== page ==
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Tier 4: What the Government guidance (but not the law) says about travel

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The Government has just published its guidance on travel for anyone living in a Tier 4 area in England. Can you travel in the UK or fly abroad if you live in Tier 4?

The official version is here but we have cut and pasted it below. One key point is that people living in Tiers 1-3 are specificially allowed to travel to Heathrow or other airports in Tier 4. Gatwick is NOT in Tier 4.

The majority of flights will continue since only a minority of the population is covered by Tier 4 restrictions.

Coronavirus Tier 4 travel guidance

As usual, what is ‘guidance’ and what is ‘the law’ can be different things. It will only be clear what constitutes an offence when the Statutory Instrument is published, and nothing will become law until that time. It is not clear when this will be – it had not been published by Sunday morning.

(EDIT: the legal text is now available and came into effect at 7am on Sunday – see our article here)

However, this line:

“You cannot leave home for holidays or stays overnight away from your main home unless permitted by law.”

…… implies that the offence will be for ‘leaving home’ and not for travelling abroad, or indeed in the UK, in itself – although you would still be committing an offence.

It is also worth remembering that countries may choose to bring in new restrictions on arrivals from the UK. The Netherlands has already banned flights from the UK until at least 1st January.

The situation is different in Scotland, with travel to or from the rest of the UK now illegal.

easyJet has announced that it will refund Tier 4 residents due to travel before the end of the year.

The following is quoted from gov.uk:

Travelling within a tier 4 area

If you live in a tier 4 area, you must stay at home. You must not leave your home to travel unless for work, education or other legally permitted reasons. If you need to travel you should stay local – meaning avoiding travelling outside of your village, town or the part of a city where you live – and look to reduce the number of journeys you make overall. The list of reasons you can leave your home and area include, but are not limited to:

  • work, where you cannot work from home
  • accessing education and for caring responsibilities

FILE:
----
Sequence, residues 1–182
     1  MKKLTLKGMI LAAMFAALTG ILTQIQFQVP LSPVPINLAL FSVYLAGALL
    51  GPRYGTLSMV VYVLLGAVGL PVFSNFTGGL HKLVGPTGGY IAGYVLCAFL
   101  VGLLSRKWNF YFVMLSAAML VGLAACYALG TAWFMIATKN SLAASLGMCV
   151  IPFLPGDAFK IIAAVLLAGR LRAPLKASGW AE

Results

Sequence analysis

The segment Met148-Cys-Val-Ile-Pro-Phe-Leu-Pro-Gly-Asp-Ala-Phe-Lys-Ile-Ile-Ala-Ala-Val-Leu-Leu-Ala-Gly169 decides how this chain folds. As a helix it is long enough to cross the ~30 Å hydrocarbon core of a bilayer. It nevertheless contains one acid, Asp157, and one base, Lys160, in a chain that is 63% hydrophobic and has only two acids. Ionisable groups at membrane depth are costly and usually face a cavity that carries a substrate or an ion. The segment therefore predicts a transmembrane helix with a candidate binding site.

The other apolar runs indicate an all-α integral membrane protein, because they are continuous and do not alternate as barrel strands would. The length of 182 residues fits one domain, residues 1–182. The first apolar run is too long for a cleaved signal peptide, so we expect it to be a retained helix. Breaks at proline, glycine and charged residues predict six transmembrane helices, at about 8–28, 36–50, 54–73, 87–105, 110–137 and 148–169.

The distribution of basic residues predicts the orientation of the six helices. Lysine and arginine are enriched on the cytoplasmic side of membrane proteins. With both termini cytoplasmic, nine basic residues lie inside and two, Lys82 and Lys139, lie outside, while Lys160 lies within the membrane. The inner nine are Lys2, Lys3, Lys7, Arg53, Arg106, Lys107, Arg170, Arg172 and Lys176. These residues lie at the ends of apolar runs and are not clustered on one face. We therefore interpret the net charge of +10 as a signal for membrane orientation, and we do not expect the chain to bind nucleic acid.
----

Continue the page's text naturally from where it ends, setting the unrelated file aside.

• visiting those in your support bubble – or your childcare bubble for childcare
  • visiting hospital, GP and other medical appointments or visits where you have had an accident or are concerned about your health
  • buying goods or services from premises that are open in Tier 4 areas, including essential retail, but these should be within your local area wherever possible
  • spending time or exercising outdoors. This should be done locally wherever possible, but you can travel a short distance within your Tier 4 area to do so if necessary (for example, to access an open space)
  • attending the care and exercise of a pet, or veterinary services

If you need to travel, walk or cycle where possible, and plan ahead and avoid busy times and routes on public transport. This will allow you to practise social distancing while you travel.

Avoid car sharing with anyone from outside your household or your support bubble. See the guidance on car sharing.

If you need to use public transport, you should follow the safer travel guidance.

Travelling out of a tier 4 area

You must stay at home and not leave your Tier 4 area, other than for legally permitted reasons such as:

  • travel to work where you cannot work from home
  • travel to education and for caring responsibilities
  • visit those in your support bubble – or your childcare bubble for childcare
  • attend hospital, GP and other medical appointments or visits where you have had an accident or are concerned about your health

The full list of exceptions will be published in the Regulations.

Travelling to a tier 4 area from a tier 1, 2 or 3 area

You should not travel into a Tier 4 area from another part of the UK, other than for reasons such as:

  • travel to work where you cannot work from home
  • travel to education and for caring responsibilities
  • to visit those in your support bubble – or your childcare bubble for childcare
  • to attend hospital, GP and other medical appointments or visits where you have had an accident or are concerned about your health

You should continue to practise safe behaviours on public transport:

  • plan ahead, check for disruption before you leave, and avoid the busiest routes, as well as busy times
  • avoid making unnecessary stops during your journey
  • avoid sharing a car with people not in your household
  • keep your distance from other people when you travel, where possible
  • wash or sanitise your hands regularly

International travel to or from a tier 4 area

If you are in Tier 4, you should not be travelling abroad unless it is permitted. In addition, you should consider the public health advice in the country you are visiting.

If you live outside a tier 4 area you may still transit into or through a tier 4 area to travel abroad if you need to, but you should carefully consider whether you need to do so. In addition, you should follow the public health advice in the country you’re visiting.

If you do need to travel overseas from a tier 4 area (and are legally permitted to do so, for example, because it is for work), even if you are returning to a place you’ve visited before, you should look at the rules in place at your destination and the Foreign, Commonwealth and Development Office (FCDO) travel advice.